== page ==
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Community partnership in action in South Auckland

To the casual observer, there is nothing unusual about the freshly-mown parks and school grounds around Randwick Park in South Auckland.

What is unusual is how some of those lawns got mowed and how much it means to many in the local community.

Citycare Property has the contract to maintain and manage all community-owned buildings and parks in South Auckland, as well as a range of other landscape, facilities management and water contracts across New Zealand. And in the Randwick Park suburb of South Auckland, social enterprise Stepping Stones Lawns mows a number of the parks as a subcontractor to Citycare.

Stepping Stones 3 web3

Stepping Stones’ focus is on providing employment opportunities for local people, creating small “stepping stones” into employment, breaking the poverty cycle and generating hope for the future.

That means a win-win situation for Citycare and for the local community.

“This type of arrangement talks to the ambition of a new scheme that Citycare and social entrepreneur Sam Johnson have recently co-designed,” adds Nige Cottingham, Citycare Group EGM Strategy.

“The Community Guardians scheme intends to link thousands of local community members nationwide to a safe operational delivery model through Citycare and to ensure that local community projects are not just delivered, but sustained for years to come."

Sam Johnson explains: “There are already a huge number of people doing great work in the community – we’ve simply realised there’s a gap we can help to fill, in terms of bringing the aspirations of community groups and local government together and of supporting community leaders or guardians to ensure that the projects have longevity beyond that initial day of action.

“Our aim is simply to enable and facilitate the safe delivery of more local community action projects nationwide and to better support the many true guardians of our community.”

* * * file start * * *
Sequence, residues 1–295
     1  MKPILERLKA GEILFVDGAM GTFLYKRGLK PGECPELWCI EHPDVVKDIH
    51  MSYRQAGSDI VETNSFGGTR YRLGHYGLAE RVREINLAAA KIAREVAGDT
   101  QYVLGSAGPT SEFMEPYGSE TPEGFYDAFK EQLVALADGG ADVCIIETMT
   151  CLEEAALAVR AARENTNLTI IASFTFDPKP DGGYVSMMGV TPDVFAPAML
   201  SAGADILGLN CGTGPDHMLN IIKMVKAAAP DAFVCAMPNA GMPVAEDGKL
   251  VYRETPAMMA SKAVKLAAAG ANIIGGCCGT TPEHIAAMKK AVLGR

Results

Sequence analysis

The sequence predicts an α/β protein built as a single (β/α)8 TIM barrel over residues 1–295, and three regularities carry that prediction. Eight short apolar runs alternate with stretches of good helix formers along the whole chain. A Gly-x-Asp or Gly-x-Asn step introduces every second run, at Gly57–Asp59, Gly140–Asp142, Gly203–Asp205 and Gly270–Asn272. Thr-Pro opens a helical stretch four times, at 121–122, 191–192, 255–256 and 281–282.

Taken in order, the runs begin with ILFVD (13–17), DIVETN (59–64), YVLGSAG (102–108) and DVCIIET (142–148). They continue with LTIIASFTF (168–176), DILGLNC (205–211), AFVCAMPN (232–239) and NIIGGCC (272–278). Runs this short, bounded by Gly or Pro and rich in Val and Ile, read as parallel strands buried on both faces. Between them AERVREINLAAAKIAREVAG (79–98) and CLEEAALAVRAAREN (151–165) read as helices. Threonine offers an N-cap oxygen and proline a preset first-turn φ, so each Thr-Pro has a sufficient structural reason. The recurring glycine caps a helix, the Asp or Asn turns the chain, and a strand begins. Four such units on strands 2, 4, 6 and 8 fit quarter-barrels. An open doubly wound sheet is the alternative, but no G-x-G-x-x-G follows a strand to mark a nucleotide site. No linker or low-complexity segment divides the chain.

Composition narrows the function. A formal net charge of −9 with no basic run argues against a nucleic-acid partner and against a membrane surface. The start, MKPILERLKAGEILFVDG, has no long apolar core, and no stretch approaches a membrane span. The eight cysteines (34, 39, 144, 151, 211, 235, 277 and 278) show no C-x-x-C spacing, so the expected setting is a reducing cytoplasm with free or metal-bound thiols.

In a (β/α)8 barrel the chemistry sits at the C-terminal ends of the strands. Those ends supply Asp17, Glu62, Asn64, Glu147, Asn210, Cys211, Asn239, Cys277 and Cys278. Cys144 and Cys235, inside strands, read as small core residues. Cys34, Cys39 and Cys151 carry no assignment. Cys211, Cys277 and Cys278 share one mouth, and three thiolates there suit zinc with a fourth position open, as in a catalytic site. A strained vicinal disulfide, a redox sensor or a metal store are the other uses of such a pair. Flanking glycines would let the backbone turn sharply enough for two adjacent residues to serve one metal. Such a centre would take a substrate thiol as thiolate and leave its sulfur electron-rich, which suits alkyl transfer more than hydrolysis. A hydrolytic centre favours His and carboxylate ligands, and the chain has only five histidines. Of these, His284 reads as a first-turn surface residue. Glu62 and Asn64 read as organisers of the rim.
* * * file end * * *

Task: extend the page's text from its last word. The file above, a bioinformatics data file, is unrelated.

Stepping Stones’ Dave Tims says that the partnership means local people involved take a real interest in the places where they work. He tells the story of a Stepping Stones worker who found some illegal dumping at one of the local parks, used his initiative to help track down the person who’d dumped it, and knocked on their door to ask them to do something about it. A creative solution was found when a community trailer was organised for the dumper to remove their rubbish to a more appropriate place.

Stepping Stones web

“It’s our neighbourhood and our park,” says Dave.

In another instance he says a local woman was seen picking up rubbish in one of the parks, without being asked.

“That’s the kind of transformation that happens with this sort of project. People start to take a real interest and take ownership when you give a neighbourhood some respect.”

The partnership with Stepping Stones creates a potential employment pahway for Dave’s people to find permanent work in open space maintenance. Dave works hard to instil a strong work ethic and get his people work ready.

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Citycare’s workforce diversity and community involvement were two of the factors taken into account when the South Auckland contract was awarded to the company by Auckland Council.

“Citycare has been great in terms of support and understanding,” says Dave Tims. “We can ring anytime and they will pop over and provide mechanical or technical support.

“They are the experts and we appreciate the opportunity to be part of this partnership.

“Auckland Council and the Manurewa Local Board are also supportive of community-led initiatives that benefit the wider community,” says Dave.

Stepping Stones has contracts to mow five local parks for Citycare and there is a shared appetite to grow this remit. They do mowing, spraying, rubbish collection and clean the public toilets. They also have other contracts with local schools and kindergartens.

Stepping Stones started out by applying for grants for their first mower. Their steady success means they’ve recently purchased a top-of-the-range machine for around $40,000.

“People love the idea of social enterprise where profits go back to the neighbourhood and locals are employed,” says Dave.

Citycare Group CEO, Onno Mulder, says the magic of Community Guardians lies in the nationwide shift towards more active engagement with local communities.

“Instead of traditional sponsorships where corporates hand out cash, this is an entirely new concept. It’s all about facilitating true community partnerships.

“Our vision is Better people. Better places. Better communities. And this scheme sits right in the sweet spot of delivering that vision. Our customers and partners are also able to use this model locally, regionally or nationally to work alongside their respective communities, so it’s a win-win all round."